Abstract

This paper describes the results obtained, the techniques used, and the challenges involved in providing a water shutoff solution to a subsea gas production well with a sand screen completion on the Rose field in the UK Southern North Sea.

The project began with a detailed reservoir analysis to determine if intervention was practical in this subhydrostatic well. This led to the planning and sourcing of suitable coiled tubing (CT) and pumping equipment, as well as an associated zonal isolation chemical solution.

The design of the intervention was tailored to operate within the environment of a jackup installation located over a subsea well. This included CT and fluid pumping operations. The basis of the technique was to shut off the water-producing interval in the horizontal completion and isolate the unsupported annulus between the water bearing and gas producing intervals. The greatest challenge was to isolate the horizontal annulus between the gas and water producing zones. This required setting of mechanical barriers and the placement of suitable zonal isolation material that would set quickly without slumping and leaving the top of the annulus unsealed. This paper details the lessons learned throughout the intervention.

In the case of the Rose well, it now produces dry gas. This was the first time globally that this technique had been applied to a subsea horizontal well.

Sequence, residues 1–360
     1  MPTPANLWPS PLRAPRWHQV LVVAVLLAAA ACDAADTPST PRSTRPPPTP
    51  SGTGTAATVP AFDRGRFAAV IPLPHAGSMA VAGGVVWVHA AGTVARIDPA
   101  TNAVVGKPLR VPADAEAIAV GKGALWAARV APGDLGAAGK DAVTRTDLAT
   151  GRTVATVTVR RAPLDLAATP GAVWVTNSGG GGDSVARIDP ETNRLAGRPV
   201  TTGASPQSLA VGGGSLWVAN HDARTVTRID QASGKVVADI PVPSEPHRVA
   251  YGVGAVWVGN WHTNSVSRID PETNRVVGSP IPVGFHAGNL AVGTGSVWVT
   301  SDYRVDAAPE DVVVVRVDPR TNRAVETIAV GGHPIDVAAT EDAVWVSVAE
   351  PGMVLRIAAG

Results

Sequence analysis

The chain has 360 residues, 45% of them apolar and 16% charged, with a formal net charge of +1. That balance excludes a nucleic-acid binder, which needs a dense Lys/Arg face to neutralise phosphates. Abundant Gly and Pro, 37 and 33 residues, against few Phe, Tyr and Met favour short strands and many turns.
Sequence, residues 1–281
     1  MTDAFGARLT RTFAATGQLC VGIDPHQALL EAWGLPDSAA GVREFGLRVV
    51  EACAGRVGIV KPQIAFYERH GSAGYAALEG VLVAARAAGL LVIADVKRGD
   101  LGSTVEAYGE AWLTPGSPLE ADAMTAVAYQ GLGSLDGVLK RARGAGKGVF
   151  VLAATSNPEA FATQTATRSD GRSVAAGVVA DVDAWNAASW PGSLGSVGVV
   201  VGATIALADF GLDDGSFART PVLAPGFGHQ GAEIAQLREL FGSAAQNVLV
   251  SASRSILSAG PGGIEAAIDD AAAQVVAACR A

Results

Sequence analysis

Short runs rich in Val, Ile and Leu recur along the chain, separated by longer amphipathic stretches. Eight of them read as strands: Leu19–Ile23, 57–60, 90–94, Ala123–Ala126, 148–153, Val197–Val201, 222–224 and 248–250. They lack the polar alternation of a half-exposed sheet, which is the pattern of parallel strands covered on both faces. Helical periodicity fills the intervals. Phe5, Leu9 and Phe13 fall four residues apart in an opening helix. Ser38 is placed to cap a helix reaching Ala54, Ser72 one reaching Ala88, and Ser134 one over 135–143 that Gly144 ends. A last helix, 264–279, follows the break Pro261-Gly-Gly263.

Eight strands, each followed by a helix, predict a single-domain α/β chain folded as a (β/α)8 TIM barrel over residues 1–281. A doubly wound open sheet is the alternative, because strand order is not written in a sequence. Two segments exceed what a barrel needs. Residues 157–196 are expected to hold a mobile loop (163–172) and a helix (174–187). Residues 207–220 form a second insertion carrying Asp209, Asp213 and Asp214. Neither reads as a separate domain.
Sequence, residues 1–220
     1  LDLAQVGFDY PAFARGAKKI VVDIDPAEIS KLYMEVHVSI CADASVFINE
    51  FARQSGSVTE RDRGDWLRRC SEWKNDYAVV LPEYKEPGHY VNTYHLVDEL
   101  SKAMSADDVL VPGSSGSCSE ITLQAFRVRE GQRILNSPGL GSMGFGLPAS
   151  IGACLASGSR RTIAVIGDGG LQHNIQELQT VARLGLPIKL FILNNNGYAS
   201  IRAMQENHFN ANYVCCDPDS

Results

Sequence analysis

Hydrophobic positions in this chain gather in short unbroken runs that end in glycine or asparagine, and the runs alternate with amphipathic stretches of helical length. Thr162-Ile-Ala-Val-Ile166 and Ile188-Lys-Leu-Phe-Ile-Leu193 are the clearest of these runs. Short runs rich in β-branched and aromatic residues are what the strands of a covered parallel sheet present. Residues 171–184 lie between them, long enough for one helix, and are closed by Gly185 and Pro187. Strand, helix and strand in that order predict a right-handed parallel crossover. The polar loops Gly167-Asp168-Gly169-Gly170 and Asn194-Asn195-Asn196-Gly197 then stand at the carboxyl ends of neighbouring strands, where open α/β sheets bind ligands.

Introduction

The Rose gas field is located within the southern North Sea in UK Block 47/15b. It lies approximately 54 km northeast of Humberside in a water depth of 24m. Initially it was planned that the Rose well would be a high-rate multi-lateral well draining three separate reservoir compartments. Because not all of these compartments (North) had been proved by the discovery well the well plan was modified. The final design incorporated an extended-reach horizontal well within the North block to achieve the planned production rates. The field was eventually developed as a single-well subsea tieback. The Leman Sandstone Formation in Rose is of lower Permian age.

During 2003 well 47/15b-6w was drilled and completed with screens to prevent sand production. The well was successfully cleaned up and flow-tested, and tied back to a production platform. This platform handles production not only from Rose but from a number of other wells and has a single export line. Rose initially produced at rates of 120 MMscf/day. However, within one month of production, formation water levels were to be higher than envisaged at between 10 and 30stb/MMscf and began to exceed the capacity of the offshore and land-based production facilities. Because the offshore production platform had no testing equipment on board it was not possible to test the individual wells. Well 6w was subsequently shut in so that further analysis could be carried out. The results of this analysis confirmed that the water production was coming from the Rose well and a continuous increase in salinity was reported after production from 6w was recommenced.

The present reservoir conditions for well 6w are approximately 3,800 psi pressure, 200oF temperature, with reservoir depths of typically 9,270 ft to 9,290 ft true vertical depth.

The primary components of the upper completion are 51/2-in., 17-lb/ft L80 and 41/2-in., 12.6 lb/ft tubings and permanent production packers. The lower reservoir completion consists of two sections of 4 ½-in sand screens separated by a blank section between the upper heel, and lower toe section of the well. This is illustrated in Fig.1.

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